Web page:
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Differential inflammatory response to Helicobacter pylori infection: etiology and clinical outcomes

Authors White J, Winter J, Robinson K

Received 20 May 2015

Accepted for publication 10 July 2015

Published 13 August 2015 Volume 2015:8 Pages 137—147

DOI https://doi.org/10.2147/JIR.S64888

Checked for plagiarism Yes

Review by Single-blind

Peer reviewers approved by Dr Juan Pablo de Rivero Vaccari

Peer reviewer comments 2

Editor who approved publication: Dr Ning Quan

Jonathan Richard White,1 Jody Anne Winter,2 Karen Robinson1

1NIHR Biomedical Research Unit in Gastrointestinal and Liver Diseases at Nottingham University Hospitals NHS Trust and The University of Nottingham, Nottingham, 2Interdisciplinary Biomedical Research Centre, School of Science and Technology, Nottingham Trent University, Nottingham, UK

Abstract: The bacterial pathogen Helicobacter pylori commonly colonizes the human gastric mucosa during early childhood and persists throughout life. The organism has evolved multiple mechanisms for evading clearance by the immune system and, despite inducing inflammation in the stomach, the majority of infections are asymptomatic. H. pylori is the leading cause of peptic ulcer disease and gastric cancer. However, disease outcomes are related to the pattern and severity of chronic inflammation in the gastric mucosa, which in turn is influenced by both bacterial and host factors. Despite over 2 decades of intensive research, there remains an incomplete understanding of the circumstances leading to disease development, due to the fascinating complexity of the host–pathogen interactions. There is accumulating data concerning the virulence factors associated with increased risk of disease, and the majority of these have pro-inflammatory activities. Despite this, only a small proportion of those infected with virulent strains develop disease. Several H. pylori virulence factors have multiple effects on different cell types, including the induction of pro- and anti-inflammatory, immune stimulatory, and immune modulatory responses. The expression of multiple virulence factors is also often linked, making it difficult to assess the meaning of their effects in isolation. Overall, H. pylori is thought to usually modulate inflammation and limit acute damage to the mucosa, enabling the bacteria to persist. If this delicate balance is disturbed, disease may then develop.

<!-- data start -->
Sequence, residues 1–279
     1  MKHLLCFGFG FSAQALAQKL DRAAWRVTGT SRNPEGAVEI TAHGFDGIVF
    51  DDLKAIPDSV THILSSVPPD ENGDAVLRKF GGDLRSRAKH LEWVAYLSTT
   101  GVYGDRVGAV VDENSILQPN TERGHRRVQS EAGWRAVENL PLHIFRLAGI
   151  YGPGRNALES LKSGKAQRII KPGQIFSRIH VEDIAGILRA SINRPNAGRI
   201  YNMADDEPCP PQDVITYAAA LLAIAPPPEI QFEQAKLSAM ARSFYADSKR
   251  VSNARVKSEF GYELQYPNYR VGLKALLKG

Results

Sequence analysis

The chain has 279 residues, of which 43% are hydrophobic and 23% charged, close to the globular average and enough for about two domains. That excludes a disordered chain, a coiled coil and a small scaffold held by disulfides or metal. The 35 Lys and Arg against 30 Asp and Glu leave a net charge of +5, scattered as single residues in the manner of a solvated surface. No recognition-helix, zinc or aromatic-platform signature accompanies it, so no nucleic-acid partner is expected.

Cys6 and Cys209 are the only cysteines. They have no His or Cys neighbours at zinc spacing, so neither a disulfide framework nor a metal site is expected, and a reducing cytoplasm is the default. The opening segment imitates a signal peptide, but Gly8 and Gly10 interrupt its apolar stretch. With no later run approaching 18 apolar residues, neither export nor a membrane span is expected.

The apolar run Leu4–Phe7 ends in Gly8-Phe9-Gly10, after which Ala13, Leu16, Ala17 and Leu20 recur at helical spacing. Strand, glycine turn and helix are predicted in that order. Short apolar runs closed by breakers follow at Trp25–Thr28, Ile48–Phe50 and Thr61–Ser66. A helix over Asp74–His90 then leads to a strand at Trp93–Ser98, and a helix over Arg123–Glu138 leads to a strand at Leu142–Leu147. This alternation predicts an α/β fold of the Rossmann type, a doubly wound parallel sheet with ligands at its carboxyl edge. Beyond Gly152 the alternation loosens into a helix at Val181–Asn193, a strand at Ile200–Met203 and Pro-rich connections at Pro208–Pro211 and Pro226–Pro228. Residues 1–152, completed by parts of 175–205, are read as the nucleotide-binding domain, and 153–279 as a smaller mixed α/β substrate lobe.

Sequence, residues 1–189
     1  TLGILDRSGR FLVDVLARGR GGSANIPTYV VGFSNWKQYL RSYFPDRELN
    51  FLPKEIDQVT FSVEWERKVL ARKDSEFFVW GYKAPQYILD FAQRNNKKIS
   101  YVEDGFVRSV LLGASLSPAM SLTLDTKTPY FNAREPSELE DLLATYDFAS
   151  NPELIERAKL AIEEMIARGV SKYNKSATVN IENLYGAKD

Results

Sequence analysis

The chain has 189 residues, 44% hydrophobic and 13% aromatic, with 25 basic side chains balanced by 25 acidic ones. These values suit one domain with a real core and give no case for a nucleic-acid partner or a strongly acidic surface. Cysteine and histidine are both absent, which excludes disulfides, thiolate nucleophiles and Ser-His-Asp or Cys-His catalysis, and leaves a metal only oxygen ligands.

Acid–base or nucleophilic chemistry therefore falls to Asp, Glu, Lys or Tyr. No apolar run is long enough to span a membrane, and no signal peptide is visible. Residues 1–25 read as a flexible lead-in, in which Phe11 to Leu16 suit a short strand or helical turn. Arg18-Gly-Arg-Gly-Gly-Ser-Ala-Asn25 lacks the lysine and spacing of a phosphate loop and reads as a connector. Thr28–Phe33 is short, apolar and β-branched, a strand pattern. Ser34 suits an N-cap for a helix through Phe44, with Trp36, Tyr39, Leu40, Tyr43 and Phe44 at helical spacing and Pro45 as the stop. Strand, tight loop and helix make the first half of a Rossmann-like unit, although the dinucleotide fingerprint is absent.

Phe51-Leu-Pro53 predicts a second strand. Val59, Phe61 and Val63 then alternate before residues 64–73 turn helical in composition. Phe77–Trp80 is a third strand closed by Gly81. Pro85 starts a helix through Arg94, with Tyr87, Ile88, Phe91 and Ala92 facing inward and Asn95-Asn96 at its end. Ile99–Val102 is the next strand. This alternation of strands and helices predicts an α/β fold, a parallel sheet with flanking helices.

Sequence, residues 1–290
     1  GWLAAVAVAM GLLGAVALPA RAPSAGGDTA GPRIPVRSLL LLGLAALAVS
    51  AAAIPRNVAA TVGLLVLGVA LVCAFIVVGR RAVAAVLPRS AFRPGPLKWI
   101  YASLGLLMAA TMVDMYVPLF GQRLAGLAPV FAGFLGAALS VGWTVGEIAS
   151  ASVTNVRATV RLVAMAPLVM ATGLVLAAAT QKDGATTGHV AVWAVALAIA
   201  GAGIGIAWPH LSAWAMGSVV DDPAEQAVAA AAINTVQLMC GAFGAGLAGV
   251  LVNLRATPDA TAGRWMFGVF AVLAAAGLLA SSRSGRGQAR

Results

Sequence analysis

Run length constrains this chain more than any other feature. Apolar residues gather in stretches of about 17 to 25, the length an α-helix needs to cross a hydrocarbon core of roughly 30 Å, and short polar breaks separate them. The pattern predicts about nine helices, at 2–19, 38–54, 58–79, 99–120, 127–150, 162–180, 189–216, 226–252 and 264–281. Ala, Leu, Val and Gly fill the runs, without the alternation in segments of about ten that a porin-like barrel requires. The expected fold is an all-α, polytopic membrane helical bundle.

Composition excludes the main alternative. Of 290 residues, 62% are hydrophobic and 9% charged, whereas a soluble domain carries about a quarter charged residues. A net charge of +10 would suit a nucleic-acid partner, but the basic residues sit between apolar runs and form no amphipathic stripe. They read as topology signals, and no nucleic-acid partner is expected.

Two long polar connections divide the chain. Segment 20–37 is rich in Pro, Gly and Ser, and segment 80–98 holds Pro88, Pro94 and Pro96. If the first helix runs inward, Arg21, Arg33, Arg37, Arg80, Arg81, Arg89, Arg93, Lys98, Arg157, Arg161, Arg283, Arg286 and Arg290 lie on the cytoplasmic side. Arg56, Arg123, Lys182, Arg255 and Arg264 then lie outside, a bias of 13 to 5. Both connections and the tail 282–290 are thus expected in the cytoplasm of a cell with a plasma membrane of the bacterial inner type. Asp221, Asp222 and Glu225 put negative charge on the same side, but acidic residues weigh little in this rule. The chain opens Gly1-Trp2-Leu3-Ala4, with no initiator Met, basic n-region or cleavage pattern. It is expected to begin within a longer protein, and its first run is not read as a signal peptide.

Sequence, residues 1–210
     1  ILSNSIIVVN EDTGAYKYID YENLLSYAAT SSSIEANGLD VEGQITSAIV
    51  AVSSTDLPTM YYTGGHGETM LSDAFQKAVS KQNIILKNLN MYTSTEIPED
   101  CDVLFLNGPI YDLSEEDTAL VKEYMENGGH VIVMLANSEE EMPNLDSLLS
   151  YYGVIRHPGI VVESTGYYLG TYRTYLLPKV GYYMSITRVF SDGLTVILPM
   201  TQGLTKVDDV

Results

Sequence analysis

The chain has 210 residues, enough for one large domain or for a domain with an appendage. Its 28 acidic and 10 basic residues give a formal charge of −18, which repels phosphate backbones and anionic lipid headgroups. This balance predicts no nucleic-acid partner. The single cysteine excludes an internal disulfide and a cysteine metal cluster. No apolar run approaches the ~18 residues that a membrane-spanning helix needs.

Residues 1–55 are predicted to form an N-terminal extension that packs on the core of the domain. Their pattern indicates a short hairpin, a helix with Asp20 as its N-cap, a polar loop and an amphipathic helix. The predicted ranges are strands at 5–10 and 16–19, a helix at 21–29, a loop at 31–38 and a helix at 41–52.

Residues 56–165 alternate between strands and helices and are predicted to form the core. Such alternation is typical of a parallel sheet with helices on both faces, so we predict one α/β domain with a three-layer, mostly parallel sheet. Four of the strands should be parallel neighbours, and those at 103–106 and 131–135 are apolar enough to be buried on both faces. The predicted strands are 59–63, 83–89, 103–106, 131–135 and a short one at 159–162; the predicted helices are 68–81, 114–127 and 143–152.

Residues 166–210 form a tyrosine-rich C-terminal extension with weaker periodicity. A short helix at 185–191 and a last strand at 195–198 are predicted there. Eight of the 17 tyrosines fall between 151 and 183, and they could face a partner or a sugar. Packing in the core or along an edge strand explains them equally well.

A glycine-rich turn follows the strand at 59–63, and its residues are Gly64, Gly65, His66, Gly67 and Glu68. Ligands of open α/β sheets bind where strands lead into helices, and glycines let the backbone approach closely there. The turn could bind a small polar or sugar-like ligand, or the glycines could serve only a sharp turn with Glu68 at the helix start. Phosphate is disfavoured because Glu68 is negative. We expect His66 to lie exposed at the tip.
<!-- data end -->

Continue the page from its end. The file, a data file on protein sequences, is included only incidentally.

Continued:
Keywords: Helicobacter pylori, inflammation, mucosal immunity, peptic ulcer disease, gastric cancer

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